Most applicants ask whether it’s possible to land a call center job with a turtlelike typing speed. And the answer is technically yes.
But would you really want to go to a battle knowing you lack ammunition? The training alone is far from dandy. If you think a final exam in college is more chaotic than a training in the call center, think again. You’re expected to learn everything about the product in 2 weeks to a month.
Not to mention the nesting period when you have to talk to real (possibly irate) customers over the phone while tinkering with 5 to 10 different software simultaneously, while dealing with the customers’ emotions. With all these multitasking going on, do you think you’ll still be able to make time for your typing practice? Nah, forget it.
To have a better chance to reach contract signing, your best bet is to improve your typing speed now and apply later.
Remember: It’s less about how fast your fingers are but more about being able to type without watching the keyboard. Kinda like typing on a cellphone keypad; you don’t need to see the letters to type; you just know what you’re typing. To learn this, check out the free typing tutorials online and they’ll teach you just how to assign specific characters and numbers to each finger.
Versant and Berlitz are two different ways to measure the English fluency of an applicant. Versant is done by a software, while Berlitz is by a human. I would say that Berlitz is more intimidating, but definitely you can pass if you know what to expect and if you have the skills for it.
Depending on the company you’re applying for, you might or might not undergo any of these tests. But if you do, remember to check this post for Versant and this for Berlitz. I’ve written each post detailing what happens during the test and what you should prepare for.
When applying as a call center agent in the Philippines, you don’t really need a fancy resume. This is because competition isn’t an issue. And as long as you can speak and converse with English well, you’re good. Call centers are hiring everyday.
Understand though that you still have to work on your resume. But not as much. As long as it clearly communicates the professional info about you, a resume shouldn’t be able to affect your application negatively nor positively.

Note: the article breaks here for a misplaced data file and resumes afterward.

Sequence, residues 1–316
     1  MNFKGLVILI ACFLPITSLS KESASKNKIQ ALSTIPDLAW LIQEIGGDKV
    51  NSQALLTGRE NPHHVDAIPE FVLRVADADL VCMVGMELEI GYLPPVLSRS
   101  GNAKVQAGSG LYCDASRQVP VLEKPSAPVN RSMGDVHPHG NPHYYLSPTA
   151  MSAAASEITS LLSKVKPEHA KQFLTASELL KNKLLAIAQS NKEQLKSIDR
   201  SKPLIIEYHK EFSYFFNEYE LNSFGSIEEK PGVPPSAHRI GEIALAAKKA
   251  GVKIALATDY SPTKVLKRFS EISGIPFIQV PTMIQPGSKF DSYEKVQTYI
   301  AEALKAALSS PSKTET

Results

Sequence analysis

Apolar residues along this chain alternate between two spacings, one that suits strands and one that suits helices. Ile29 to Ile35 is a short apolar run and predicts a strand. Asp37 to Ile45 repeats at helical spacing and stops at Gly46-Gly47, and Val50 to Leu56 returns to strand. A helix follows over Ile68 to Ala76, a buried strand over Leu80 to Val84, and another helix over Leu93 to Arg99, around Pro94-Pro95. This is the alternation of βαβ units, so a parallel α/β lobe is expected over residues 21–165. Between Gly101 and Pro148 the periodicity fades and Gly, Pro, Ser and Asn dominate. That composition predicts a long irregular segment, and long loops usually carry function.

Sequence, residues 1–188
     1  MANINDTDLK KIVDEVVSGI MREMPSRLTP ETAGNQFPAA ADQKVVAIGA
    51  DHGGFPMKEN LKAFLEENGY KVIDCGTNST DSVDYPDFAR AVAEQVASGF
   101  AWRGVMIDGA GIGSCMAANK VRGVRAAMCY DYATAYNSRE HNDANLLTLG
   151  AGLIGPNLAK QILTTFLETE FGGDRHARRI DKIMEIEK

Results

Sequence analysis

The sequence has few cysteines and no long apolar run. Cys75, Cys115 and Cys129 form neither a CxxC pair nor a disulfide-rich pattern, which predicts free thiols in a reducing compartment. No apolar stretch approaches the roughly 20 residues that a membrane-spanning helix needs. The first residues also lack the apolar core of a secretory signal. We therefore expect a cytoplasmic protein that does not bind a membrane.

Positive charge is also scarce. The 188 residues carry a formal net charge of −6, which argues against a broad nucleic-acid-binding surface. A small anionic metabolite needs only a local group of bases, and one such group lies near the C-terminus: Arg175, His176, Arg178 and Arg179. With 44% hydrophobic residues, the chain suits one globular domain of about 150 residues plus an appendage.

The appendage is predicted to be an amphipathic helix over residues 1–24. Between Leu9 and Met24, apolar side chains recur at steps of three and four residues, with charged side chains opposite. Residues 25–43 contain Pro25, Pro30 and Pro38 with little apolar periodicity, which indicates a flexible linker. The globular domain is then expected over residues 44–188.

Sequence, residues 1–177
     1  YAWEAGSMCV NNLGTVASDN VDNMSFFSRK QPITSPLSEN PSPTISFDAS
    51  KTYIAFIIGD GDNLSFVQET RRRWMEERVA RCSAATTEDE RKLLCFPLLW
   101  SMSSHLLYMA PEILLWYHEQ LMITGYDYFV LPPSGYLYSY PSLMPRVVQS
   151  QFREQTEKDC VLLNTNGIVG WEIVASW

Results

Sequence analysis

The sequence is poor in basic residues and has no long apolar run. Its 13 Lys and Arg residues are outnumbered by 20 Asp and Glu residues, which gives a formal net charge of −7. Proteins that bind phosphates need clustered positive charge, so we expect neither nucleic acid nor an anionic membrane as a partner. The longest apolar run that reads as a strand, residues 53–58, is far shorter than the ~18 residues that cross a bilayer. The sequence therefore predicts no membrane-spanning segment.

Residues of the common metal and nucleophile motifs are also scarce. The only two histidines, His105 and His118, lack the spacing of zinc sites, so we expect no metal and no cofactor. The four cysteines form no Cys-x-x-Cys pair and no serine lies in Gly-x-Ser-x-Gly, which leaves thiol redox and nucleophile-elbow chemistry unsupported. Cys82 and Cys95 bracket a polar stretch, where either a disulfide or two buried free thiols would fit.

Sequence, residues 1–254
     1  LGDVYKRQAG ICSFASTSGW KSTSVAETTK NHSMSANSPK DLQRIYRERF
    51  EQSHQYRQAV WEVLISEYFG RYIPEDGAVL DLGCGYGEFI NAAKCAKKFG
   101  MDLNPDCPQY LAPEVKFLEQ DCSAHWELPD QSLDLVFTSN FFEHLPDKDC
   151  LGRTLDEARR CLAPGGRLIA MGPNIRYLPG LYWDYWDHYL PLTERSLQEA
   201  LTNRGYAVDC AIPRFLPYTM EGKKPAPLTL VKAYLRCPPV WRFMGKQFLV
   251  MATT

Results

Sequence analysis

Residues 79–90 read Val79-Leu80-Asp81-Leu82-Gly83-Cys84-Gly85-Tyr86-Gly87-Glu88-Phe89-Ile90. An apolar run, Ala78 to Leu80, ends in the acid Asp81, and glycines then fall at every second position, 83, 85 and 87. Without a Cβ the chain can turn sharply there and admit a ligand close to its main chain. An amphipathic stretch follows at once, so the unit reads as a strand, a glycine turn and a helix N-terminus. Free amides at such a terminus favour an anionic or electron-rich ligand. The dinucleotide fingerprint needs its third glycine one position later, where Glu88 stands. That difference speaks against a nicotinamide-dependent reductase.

Oh, and remember to put the accurate dates of your work experience and school years, especially if you’re applying for a bank call center. I’ve been grilled once by an interviewer for putting the wrong dates and years. Despite that, I was still invited for the final interview.
If you want a resume guide, here’s a short post I wrote about how to write your resume. At the end of the post are two different links for two different resume formats. Feel free to choose the one you wanna copy.
Training and nesting
The training is probably the easiest part of the journey but as it progresses, so is it’s difficulty.
- Part 1 is language training where the trainer reviews English grammar and usage with you. You’ll also start to learn the basic call flow but overall, expect everything to be pretty chill.
- Part 2 is the product training where brain will drown with information overload. Everything you need to know about the product you’ll be working for is discussed here.
- Part 3 is the shadowing where you’ll sit side by side with a tenured agent. With a headset, you’ll listen to the agent’s live calls, take notes, and ask questions if she isn’t busy. This usually takes a maximum of 3 days.
- Part 4 is the nesting which is the toughest part of the training. You’ll spend 4 hours a day talking to actual customers over the phone and handling real issues. The other 4 hours is spent with your trainer and your co-trainees reflecting about all the issues you’ve handled and how you can make it better next time.
- Part 5 is judgment time when you’ll know whether you pass or fail..
Working in a call center isn’t just all about pizza and parties. There’s a lot intense emotions and stress involved too. Here’s a few of them: